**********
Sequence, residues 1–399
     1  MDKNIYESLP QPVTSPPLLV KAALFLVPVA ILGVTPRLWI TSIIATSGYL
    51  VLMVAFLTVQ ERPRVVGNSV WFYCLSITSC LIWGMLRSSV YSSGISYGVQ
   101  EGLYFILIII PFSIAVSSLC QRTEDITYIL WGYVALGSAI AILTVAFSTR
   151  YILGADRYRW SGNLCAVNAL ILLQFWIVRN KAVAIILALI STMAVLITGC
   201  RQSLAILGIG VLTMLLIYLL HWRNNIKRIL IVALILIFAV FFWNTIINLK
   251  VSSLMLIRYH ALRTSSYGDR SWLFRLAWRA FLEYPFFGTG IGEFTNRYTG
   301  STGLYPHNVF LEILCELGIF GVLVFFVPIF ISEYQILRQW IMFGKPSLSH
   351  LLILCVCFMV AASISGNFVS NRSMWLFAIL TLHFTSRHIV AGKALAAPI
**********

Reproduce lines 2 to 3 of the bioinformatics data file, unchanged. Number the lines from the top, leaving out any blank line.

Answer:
     1  MDKNIYESLP QPVTSPPLLV KAALFLVPVA ILGVTPRLWI TSIIATSGYL
    51  VLMVAFLTVQ ERPRVVGNSV WFYCLSITSC LIWGMLRSSV YSSGISYGVQ